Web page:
Having excellent scores on the USMLE steps or the will also be an advantage in getting into a residency program. Many programs use these exam scores as a basis for the first round of cuts. If your scores do not meet the required standards, the likelihood of not matching increases because you may not be able to move on to the next step. Taking an can have a positive impact on your score and make the necessary difference to help you acquire a match.
4. Ace the Residency Interview
It will never hurt to brush up on your interview skills. If you are an IMG, you may feel pressure to adapt to the American or Canadian system. Try to incorporate into your schedule so that you can learn the best strategies to answer any questions that may come your way. Becoming acquainted with and how to respond to them effectively can be the difference between an acceptance or a rejection. The interview stage is usually near the end of the application process. Not performing to the best of your ability and losing the opportunity to receive a residency match can be devastating. You do not have a second chance to make a great first impression, so be sure to make it count.
5. Plan Your Rank Order List
This tip refers back to your selection of IMG friendly family medicine residency programs to apply to. When officially applying, you will be able to list these programs you want to attend from your most desired to your least desired. This (ROL) is important when attempting to identify programs that best suit your needs. Choosing programs that have the fewest restrictions for IMGs and ordering them strategically in your list will bolster your chances of a match.
As an IMG, you will have more hurdles to overcome when applying to a program outside your country of origin. Luckily, there are programs and locations that are generally more sympathetic to your plight and will require less of you. What’s important is that you apply strategically and in ways that benefit your interests, needs, and chances of acceptance. Putting in the right amount of work will help you achieve the results you want.
You do not have to go through the process alone. There are resources and people out there to guide you if you look for them. If you’re struggling to keep track of all you must do, seeking professional can be a viable option for dealing with additional requirements to secure your place as an IMG resident.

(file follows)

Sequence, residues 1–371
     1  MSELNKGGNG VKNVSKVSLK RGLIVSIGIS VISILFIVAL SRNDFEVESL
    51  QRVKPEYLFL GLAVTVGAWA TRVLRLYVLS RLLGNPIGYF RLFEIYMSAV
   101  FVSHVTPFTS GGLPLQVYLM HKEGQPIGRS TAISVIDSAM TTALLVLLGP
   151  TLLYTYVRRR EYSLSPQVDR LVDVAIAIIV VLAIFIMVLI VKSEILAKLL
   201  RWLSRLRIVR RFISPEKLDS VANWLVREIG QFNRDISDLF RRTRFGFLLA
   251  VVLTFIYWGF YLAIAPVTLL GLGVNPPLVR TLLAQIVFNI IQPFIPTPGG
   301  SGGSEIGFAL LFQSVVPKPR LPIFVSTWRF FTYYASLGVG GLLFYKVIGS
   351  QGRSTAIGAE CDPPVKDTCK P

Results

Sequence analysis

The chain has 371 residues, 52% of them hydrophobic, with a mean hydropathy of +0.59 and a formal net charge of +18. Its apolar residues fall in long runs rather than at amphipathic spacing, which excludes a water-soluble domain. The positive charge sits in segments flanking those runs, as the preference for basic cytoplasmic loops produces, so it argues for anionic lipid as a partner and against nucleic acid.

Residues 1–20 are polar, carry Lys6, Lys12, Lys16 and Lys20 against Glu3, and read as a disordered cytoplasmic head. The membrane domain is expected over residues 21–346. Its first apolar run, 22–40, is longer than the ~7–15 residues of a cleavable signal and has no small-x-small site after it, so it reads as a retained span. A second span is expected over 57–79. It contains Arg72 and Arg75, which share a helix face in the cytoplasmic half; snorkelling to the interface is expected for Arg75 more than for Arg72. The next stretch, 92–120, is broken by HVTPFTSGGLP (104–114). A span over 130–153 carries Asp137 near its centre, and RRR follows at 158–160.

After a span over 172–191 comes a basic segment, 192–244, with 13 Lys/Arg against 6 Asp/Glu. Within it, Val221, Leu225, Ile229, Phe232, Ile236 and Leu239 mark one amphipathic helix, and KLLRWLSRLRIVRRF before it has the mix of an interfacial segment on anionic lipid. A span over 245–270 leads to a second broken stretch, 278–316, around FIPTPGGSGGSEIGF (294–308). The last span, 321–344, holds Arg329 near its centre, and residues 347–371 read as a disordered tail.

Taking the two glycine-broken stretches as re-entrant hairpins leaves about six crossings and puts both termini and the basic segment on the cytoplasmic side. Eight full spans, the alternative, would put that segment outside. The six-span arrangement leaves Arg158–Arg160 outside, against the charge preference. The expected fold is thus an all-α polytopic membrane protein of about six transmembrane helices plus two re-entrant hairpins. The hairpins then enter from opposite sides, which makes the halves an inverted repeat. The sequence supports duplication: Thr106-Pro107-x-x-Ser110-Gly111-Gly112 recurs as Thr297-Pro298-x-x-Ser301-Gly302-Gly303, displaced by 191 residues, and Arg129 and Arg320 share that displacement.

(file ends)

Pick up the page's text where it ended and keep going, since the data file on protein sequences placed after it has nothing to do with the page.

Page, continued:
1. Is family medicine an IMG friendly specialty for residency?
2. Is it more difficult to apply for residency as an IMG?
IMGs do have to face obstacles that other applicants do not. Their chances of acceptance are consistently lower, especially if they have to meet an assortment of additional requirements. While it is more difficult to get accepted as an IMG, it is not impossible. Searching for IMG friendly residency programs is one of the first steps you can take to increase your chances.
3. How do I obtain the ECFMG certification?
First, you will have to pass the USMLE step 1 and USMLE step 2 as part of the medical science examination requirement. Next, eligible IMGs will have to meet the clinical and communication skills requirements by applying to Pathways to compete for positions in graduate medical education programs. You will also provide medical school transcripts from an institution listed in the World Directory of Medical Schools to receive ECFMG certification.
4. What exams would I need to complete to apply for residency as an IMG?
This depends on whether you are applying in the US or Canada. Applications to Canadian programs tend to require passing the NAC OSCE, in addition to the MCCQE. American programs will usually have their own specific requirements besides the first two steps of the USMLE. Therefore, always check out what exactly you will need so that you can prepare yourself effectively.
5. How important are exam scores in determining whether I get accepted?
Exam scores are really important for advancing beyond the first few rounds of the application process. Program directors usually use exam scores to help narrow down who to invite for interviews.
6. How can I get clinical experience in the US and Canada?
Researching and getting in touch with institutions that offer externships will be key to acquiring clinical experiences. You must look for them yourself or use your network to find them, as they will not be handed to you most of the time. However, there are certain paid placement services that allow you to apply to these types of programs. That can also be an option if it is available to you.
7. Can I use letters of recommendation from abroad?
Yes, but it is strongly encouraged to have at least one excellent letter of recommendation from an American or Canadian medical professional who can vouch for your candidacy.
8. Can an IMG residency consultant increase my chances of getting matched?
An can help you with every step of your application process. They can provide detailed and tailored feedback on your application documents and develop a strategy with you to apply to programs that will maximize your chances at getting matched.